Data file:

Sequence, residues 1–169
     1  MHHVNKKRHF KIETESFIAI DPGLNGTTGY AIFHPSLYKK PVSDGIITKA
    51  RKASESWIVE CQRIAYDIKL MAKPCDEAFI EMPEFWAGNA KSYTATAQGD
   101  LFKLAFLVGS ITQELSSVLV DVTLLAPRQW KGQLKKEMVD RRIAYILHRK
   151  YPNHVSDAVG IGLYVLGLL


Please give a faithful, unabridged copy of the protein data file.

Sequence, residues 1–169
     1  MHHVNKKRHF KIETESFIAI DPGLNGTTGY AIFHPSLYKK PVSDGIITKA
    51  RKASESWIVE CQRIAYDIKL MAKPCDEAFI EMPEFWAGNA KSYTATAQGD
   101  LFKLAFLVGS ITQELSSVLV DVTLLAPRQW KGQLKKEMVD RRIAYILHRK
   151  YPNHVSDAVG IGLYVLGLL